RheumPAC, the ACR’s nonpartisan political action committee (PAC), works to support interests and priorities of rheumatology providers and patients on Capitol Hill. Throughout the COVID-19 pandemic, it has continued to support vital legislation and educate legislators and their staff on issues that affect rheumatology and the impact of proposed policies on the specialty.
RheumPAC “is the voice of rheumatology providers and patients in Washington, D.C.,” says Zachary Wallace, MD, RheumPAC chair. “This enables the ACR to get a seat at the table where critical decisions are made at the federal level about how care is delivered, reimbursement for care and research funding.”
Supporting Those Who Support Us
RheumPAC raises money to support the campaigns of candidates for Congress who are in positions to lead on the issues of importance to the ACR and its members and who have a history of championing ACR priorities. Supporting members of Congress through RheumPAC gives ACR advocates the opportunity to meet face-to-face with lawmakers where they can convey the importance of certain legislative efforts.
“RheumPAC is a way for the ACR to open doors and gain access to legislators,” says Dan Redinger, ACR’s manager of public affairs. “Once open, we are able to teach legislators about problems we are facing and educate them on ways they can help both rheumatologists and patients. We, in turn, support those who are helpful on our issues.”
Pandemic Changes in Operation
COVID-19 has forced changes in the way RheumPAC operates. “Traditionally we go to fundraisers in D.C. and in districts to talk to legislators, but all of these were suspended by the pandemic,” says Dr. Wallace. “We looked for innovative ways to keep in touch with members and support the campaigns of those who have championed our concerns in the past.”
In May, RheumPAC hosted a virtual happy hour, where Rep. Ami Bera (D-Calif.) joined in remote discussion with donors. Rheumatologists were able to ask him questions about plans for COVID-related relief and what to expect from upcoming legislation.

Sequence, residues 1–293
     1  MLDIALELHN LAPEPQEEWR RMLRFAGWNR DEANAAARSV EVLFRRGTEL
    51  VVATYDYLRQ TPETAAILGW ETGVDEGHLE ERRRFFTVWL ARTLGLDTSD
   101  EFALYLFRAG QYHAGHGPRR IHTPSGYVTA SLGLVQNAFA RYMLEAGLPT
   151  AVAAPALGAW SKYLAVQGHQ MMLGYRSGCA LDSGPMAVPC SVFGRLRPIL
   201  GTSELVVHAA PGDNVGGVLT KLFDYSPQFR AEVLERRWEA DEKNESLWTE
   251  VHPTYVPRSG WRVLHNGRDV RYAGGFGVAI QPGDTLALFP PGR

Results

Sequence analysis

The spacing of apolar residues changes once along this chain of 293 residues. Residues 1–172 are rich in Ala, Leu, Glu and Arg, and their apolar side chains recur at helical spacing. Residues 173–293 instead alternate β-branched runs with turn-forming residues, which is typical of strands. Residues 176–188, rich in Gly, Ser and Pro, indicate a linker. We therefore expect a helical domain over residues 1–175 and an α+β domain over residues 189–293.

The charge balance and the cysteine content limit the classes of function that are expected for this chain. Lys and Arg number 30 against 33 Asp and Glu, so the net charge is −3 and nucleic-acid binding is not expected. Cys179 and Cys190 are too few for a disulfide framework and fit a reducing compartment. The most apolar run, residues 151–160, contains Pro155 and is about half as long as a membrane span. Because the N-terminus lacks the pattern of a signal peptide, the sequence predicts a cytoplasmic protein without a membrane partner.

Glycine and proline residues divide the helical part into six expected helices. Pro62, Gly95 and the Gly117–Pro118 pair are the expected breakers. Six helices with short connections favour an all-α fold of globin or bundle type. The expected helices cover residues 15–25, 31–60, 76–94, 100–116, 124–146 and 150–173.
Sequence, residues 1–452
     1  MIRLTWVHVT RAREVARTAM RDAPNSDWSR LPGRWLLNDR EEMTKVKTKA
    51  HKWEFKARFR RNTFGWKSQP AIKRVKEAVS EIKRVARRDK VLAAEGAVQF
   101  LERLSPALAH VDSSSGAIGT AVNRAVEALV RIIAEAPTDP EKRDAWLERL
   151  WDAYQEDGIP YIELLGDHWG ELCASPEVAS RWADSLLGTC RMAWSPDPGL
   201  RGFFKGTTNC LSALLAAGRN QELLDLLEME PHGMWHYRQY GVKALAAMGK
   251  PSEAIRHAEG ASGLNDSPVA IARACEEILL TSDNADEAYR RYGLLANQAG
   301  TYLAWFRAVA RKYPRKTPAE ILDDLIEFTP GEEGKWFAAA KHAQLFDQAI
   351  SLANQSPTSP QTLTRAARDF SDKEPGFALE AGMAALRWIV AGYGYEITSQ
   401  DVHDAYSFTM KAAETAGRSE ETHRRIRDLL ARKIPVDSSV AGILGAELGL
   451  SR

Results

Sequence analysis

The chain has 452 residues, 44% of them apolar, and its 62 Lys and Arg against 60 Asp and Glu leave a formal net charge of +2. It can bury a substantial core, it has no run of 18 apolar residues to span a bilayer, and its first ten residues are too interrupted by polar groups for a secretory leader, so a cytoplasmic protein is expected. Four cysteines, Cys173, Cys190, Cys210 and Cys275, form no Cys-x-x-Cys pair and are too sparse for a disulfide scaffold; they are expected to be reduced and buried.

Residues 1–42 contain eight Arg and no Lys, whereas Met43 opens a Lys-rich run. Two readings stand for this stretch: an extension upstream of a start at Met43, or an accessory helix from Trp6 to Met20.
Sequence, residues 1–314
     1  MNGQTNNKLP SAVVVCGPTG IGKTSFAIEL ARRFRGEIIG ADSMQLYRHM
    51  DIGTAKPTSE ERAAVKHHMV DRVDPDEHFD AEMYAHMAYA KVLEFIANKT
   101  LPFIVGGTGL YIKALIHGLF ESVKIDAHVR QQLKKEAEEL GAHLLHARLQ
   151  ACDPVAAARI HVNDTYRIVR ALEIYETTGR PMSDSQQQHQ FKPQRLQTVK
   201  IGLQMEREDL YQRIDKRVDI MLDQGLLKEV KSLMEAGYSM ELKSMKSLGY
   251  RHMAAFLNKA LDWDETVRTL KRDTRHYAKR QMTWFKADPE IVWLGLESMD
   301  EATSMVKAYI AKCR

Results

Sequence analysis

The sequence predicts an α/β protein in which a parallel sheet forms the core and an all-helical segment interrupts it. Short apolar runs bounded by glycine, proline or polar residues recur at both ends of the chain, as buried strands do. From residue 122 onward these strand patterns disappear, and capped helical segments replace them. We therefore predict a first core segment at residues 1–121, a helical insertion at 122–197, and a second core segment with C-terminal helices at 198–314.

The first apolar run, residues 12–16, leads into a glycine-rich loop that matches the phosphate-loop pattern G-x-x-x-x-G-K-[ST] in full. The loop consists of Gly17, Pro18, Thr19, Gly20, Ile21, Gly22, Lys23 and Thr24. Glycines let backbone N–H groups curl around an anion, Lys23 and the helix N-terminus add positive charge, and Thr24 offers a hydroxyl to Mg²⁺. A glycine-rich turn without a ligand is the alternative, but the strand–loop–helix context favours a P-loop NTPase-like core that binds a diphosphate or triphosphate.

“Before the COVID-19 pandemic, we advocated for updated evaluation and management code reimbursement,” said RheumPAC member Bonita Libman, MD, a rheumatologist at the University of Vermont Medical Center, Burlington. “Historically, rheumatologists have been paid at much lower rates than other specialties. The 15% reimbursement increase [in the 2020 CMS Physician Fee Schedule final rule] was a major win and quite significant.”
RheumPAC has stayed busy throughout the COVID-19 pandemic, supporting legislation to:
- Raise telehealth reimbursement so it was at parity with in-person visits;
- Advocate for grant and loan programs to support practices facing financial impacts from pandemic-related shutdowns; and
- Renew the Pediatric Subspecialty Loan Repayment Program to address workforce issues in pediatric rheumatology.
COVID-19 Reduces Donations But Need Still Acute
COVID-19’s financial impact on rheumatology practices has reduced donations to the PAC.
“During the pandemic we halted fundraising efforts because of the unprecedented stress it was having on practices and providers,” says Dr. Wallace, a rheumatologist at Massachusetts General Hospital, Boston. “However, the work doesn’t stop. It is through these contributions that we are able to get a seat at the table.”
Now more than ever, staying in touch with members of Congress is important. They are working on legislation affecting medical care in general and rheumatologists in particular. In addition, RheumPAC needs funds to continue support for long-standing relationships built up over the years.
“When we meet with congressional members and their staffs, it isn’t just ‘Hi, how are you,’” says Dr. Libman. “We can explain our concerns and open a good dialog. This, in turn, often leads to support for legislation helpful to the clinician and the patient.”
RheumPAC works to keep the views of rheumatology in front of those making decisions at the federal level.
“There is an old saying that if you’re not at the table, you are on the menu,” says Mr. Redinger. “We need to make sure our voice is heard over the many competing ones that are in touch with members of Congress. Because of RheumPAC, we have these relationships and access to discuss our core issues with one voice.”
U.S. ACR/ARP members can donate to help ensure the ACR has a seat at the table for future discussions on Capitol Hill.
Kurt Ullman is a freelance writer based in Indiana.
Contributions to RheumPAC are not tax deductible for federal income tax purposes. All contributions to RheumPAC are voluntary and must be made with personal funds. You may refuse to contribute without reprisal. Any proposed contribution amounts are merely suggestions; you may choose to contribute more or less or not at all. RheumPAC will not favor or disadvantage anyone by reason of the amount contributed or the decision not to contribute. Federal law prohibits contributions from corporations. RheumPAC participants must be United States citizens or permanent resident aliens.